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Mr. Arthur F. Pease

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81739 Munich
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Pictures of the Future
The Magazine for Research and Innovation
 

Autonomous Systems

Artificial Intelligence: “We Have Verifiable Successes”

Michael May is expert for artificial intelligence at Corporate Technology.

Artificial intelligence is currently one of those topics generating a lot of hype, especially ever since Google software beat one of the best Go players. Siemens has been very active in the area of neural networks for more than 30 years and is already using this technology to autonomously optimize plants and system in industrial practice. Our interview with Michael May of Corporate Technology makes it clear why Siemens certainly hold its own with Google.

Artificial intelligence is like nuclear fusion in the sense that, since the 1960s, people have been predicting that we’ll have a working reactor in 40 years. Except that artificial intelligence is still 15 years away. Is this still true?

May: That figure may still apply to nuclear fusion, but when it comes to artificial intelligence, the circumstances have changed dramatically in recent years. We now have verifiable successes. Systems that used to exist only as prototypes are now being used in production. Take image recognition, for example: In some areas, the recognition rates have reached 98 percent or more. This is comparable to human capabilities.

What is driving this progress?

May: There are several different forces behind these advances. Computing power has multiplied so that neural networks, for example, are much bigger today and can model problems more accurately. The algorithms have also improved so much that they often perform complex data preprocessing work at the same time. In addition, when it comes to processing images, the Internet already offers a huge number of images that can be used to train the software.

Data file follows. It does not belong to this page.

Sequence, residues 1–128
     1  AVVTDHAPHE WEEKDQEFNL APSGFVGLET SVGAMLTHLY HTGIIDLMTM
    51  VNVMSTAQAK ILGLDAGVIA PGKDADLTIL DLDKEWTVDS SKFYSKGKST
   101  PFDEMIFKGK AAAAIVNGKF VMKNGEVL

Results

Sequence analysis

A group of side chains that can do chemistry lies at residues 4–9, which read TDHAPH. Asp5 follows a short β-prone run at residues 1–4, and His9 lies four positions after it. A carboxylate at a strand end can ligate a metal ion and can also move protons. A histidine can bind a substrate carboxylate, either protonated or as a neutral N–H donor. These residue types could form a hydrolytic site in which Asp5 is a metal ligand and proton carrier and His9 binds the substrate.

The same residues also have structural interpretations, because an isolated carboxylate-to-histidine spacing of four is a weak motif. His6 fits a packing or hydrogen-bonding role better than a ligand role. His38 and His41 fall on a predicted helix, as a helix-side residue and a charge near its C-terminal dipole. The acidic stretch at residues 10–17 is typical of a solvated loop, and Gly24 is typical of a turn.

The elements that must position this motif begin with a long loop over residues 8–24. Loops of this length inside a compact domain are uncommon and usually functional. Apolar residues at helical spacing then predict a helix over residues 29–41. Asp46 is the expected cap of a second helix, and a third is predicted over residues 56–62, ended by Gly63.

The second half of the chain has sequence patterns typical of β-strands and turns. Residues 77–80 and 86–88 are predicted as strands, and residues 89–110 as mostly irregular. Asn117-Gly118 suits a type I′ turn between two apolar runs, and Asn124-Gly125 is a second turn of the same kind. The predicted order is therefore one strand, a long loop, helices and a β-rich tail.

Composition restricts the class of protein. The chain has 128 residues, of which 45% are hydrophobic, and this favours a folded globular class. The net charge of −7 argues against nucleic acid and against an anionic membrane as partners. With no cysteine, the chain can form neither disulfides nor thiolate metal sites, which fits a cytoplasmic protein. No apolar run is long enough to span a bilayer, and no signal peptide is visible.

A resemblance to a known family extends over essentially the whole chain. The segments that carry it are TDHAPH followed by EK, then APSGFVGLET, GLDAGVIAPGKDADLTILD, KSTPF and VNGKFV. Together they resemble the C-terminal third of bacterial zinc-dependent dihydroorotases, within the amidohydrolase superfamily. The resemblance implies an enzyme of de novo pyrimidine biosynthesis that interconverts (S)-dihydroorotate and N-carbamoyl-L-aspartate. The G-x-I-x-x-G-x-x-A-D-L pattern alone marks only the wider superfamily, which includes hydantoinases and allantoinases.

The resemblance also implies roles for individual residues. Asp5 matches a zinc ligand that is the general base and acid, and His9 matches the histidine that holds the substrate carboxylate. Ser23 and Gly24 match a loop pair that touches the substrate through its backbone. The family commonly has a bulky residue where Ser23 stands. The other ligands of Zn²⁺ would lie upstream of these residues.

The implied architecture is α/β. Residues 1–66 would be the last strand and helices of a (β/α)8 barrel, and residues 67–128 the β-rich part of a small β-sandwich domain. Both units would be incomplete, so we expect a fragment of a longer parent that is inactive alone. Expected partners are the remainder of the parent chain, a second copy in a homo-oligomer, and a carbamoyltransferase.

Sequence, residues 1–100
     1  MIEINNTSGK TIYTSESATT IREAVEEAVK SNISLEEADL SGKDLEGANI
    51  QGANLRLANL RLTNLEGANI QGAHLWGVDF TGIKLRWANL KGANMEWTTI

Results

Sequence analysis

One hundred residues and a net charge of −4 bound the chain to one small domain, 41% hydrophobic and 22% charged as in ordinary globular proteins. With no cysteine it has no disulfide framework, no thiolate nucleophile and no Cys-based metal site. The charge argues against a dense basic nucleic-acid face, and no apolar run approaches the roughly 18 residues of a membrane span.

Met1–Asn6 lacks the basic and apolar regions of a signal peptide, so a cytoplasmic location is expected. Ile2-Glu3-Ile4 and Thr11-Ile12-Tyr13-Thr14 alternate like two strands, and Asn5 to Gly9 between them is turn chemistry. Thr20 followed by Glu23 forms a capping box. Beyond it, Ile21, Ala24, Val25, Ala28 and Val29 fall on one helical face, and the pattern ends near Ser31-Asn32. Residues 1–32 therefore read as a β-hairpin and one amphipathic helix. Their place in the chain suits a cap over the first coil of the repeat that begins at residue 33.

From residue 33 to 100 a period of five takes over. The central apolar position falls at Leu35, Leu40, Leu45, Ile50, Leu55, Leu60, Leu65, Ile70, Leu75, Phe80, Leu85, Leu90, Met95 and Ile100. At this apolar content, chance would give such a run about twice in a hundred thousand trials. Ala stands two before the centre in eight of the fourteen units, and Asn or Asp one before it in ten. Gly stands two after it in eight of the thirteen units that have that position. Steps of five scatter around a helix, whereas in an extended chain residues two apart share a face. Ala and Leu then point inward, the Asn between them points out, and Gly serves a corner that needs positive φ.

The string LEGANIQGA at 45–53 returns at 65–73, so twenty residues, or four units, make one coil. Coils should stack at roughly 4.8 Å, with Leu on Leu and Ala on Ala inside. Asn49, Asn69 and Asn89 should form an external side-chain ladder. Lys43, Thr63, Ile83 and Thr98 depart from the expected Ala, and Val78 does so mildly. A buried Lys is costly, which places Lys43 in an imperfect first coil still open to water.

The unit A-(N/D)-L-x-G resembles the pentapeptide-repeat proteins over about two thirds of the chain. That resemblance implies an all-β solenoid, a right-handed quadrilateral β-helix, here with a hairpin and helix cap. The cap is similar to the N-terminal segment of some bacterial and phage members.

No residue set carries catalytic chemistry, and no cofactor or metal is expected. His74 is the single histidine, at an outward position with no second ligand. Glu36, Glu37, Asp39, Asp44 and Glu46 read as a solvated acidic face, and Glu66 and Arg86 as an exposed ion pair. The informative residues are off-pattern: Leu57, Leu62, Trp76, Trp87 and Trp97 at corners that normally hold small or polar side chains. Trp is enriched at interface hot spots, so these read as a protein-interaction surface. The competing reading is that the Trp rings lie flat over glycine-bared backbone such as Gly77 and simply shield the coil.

AlphaGo from Google is a milestone in the history of machine learning. In March 2016, AlphaGo achieved success, beating the world’s best Go player Lee Sedol.

How would you actually define artificial intelligence?

May: We use this term to refer to algorithm-based computer systems that perform functions for which humans need to use their intelligence. Examples include recognizing texts, driving cars, recognizing images and playing chess. But a machine does not have to think like a human but only perform in similar ways.

How does a system like that work?

May:  There are different approaches to machine learning. We call this deep learning, for example, or reinforcement learning. Without going into too much detail: a neural network, which has links similar to those of the new cells in the brain, is fed a large amount of data and then adapts these links or their strength so that it learns the correct responses to the sample data. This information is transferred to new, unknown data; the system learns to interpret the data and make decisions. Therefore, nothing is permanently programmed. Our deep learning processes work with thousands upon thousands of simulated neurons.

Customers can already receive a service in which artificial intelligence automatically optimizes the operation of gas turbines.